The top right quadrant This group is roughly the traditional middle class of Nigerians whose membership in the fluid and uncertain dynamics of Nigerian class formation is constantly changing with each regime. They owe their class ascendency by virtue of their kinship and proximity to the ruling elite in the aforementioned top left quadrant. They are the educated professionals in the main, but depend on the patronage machine to successfully ply their trade. When called upon, they migrate seamlessly and sideways into the left quadrant, and once there, fight doggedly to remain in that space. For the rest of them, they wait with anxious anticipation for ‘their turn’ to feed at the trough. For this middling class, their constant complaint about the system without any real resolve to make the necessary sacrifices for real transformational change had come to define the nation’s character. This group has created a country where its potential leaders are too cynical, afraid and self-absorbed to fully understand the dynamics of its own extinction. For them salvation lies mostly in the ‘divine intervention’ that hopefully will nudge them sideways into the state subsidized creature comforts of life in the top left quadrant. Even though they frequently travel internationally to see and enjoy the results of other nation’s sacrifice, planning and hard work, their deluded sense of ‘Nigeria’s exceptionalism,’ and their inherent laziness and habituated value system of expecting reward and benefits without any real or meaningful effort or production, means that they cannot and will not change the system for the better. And although they worry about the diminishing horizons for themselves and their families, they are immobilized by fear, uncertainties and doubt to mount a sustained campaign to transform their country. They constitute perhaps 20% (twenty percent) of the population and are fully represented at all levels of the body politic.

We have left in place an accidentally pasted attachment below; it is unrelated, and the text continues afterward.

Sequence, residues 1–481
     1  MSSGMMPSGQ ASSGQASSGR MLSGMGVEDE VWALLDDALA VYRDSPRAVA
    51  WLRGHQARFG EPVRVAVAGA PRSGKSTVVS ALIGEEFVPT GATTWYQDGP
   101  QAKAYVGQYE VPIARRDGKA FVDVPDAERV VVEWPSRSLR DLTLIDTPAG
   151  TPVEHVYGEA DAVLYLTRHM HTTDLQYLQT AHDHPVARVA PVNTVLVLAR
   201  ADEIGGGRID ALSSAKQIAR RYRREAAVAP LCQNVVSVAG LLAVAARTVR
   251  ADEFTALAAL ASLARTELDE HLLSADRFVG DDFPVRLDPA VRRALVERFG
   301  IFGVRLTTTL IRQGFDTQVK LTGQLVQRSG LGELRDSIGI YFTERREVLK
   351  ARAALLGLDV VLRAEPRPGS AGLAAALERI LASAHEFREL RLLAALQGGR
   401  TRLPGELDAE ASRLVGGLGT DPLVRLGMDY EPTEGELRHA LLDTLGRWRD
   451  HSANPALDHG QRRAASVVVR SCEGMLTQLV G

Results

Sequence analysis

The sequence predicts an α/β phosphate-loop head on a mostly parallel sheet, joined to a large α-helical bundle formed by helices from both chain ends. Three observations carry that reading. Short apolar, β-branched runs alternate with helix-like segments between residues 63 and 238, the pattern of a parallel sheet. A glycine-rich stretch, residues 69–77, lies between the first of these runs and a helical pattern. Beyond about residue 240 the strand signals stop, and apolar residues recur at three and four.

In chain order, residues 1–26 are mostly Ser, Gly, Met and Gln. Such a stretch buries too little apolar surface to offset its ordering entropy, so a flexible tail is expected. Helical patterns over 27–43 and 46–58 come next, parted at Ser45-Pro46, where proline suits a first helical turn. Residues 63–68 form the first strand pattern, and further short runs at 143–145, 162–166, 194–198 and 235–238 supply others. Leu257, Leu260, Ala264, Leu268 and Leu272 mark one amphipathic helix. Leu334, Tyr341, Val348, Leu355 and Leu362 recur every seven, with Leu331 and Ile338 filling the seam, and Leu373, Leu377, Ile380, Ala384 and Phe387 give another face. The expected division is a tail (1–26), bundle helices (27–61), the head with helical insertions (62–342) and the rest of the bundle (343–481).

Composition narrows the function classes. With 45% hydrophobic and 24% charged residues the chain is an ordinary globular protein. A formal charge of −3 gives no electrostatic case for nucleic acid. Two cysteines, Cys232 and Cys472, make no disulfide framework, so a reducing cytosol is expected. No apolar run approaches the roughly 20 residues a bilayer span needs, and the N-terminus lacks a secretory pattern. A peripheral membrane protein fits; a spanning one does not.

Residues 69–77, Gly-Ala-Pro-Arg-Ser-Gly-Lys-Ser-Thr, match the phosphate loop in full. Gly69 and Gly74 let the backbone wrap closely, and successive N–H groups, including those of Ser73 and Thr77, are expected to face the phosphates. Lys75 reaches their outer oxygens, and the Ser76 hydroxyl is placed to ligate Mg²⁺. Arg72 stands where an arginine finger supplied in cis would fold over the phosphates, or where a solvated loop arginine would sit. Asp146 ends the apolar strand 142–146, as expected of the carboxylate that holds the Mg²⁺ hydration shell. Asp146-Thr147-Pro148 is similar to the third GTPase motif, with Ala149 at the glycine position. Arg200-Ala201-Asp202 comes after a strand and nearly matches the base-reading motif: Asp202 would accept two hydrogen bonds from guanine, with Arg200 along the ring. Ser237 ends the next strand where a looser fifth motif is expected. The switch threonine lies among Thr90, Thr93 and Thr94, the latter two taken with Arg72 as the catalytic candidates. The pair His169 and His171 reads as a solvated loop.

The bottom left quadrants This group is the potential creators of a utopian Nigeria, or more realistically a new Nigeria. They are drawn from all quadrants and exist in and out of Nigeria. And with the return in increasing numbers of members of the Diaspora, there exists the prospects of the formation of a new middle class with considerable intellectual and financial capital to deploy in a last ditched attempt to salvage Nigeria before it collapses. What they presently lack is the social capital to successfully organize to occupy the top left quadrant. This group is the brain trust of the nation and it is staffed by creative and innovative Nigerians who have the technical skills as well as the right moral attitude to bring the much needed change in the country. However, they are viewed with suspicion by the people in the top right quadrant who don’t want anyone to ‘rock the boat’ or in that peculiar Nigerian expression ‘heat up the polity,’ because any potential change of the system could possibly dislodge them from their positions in line for feeding at the trough. The sentiments from the top right quadrant is even more sinister, they do not want these potential change agents anywhere near their quadrant, so they invariably deploy their strategy of the three ‘Cs:’ conscription, cooption and finally coercion to neutralize them. In spite of these threats, an increasing number of Nigerians from all quadrants are looking to this group for answers. They constitute perhaps less than 5% (five percent) of the population.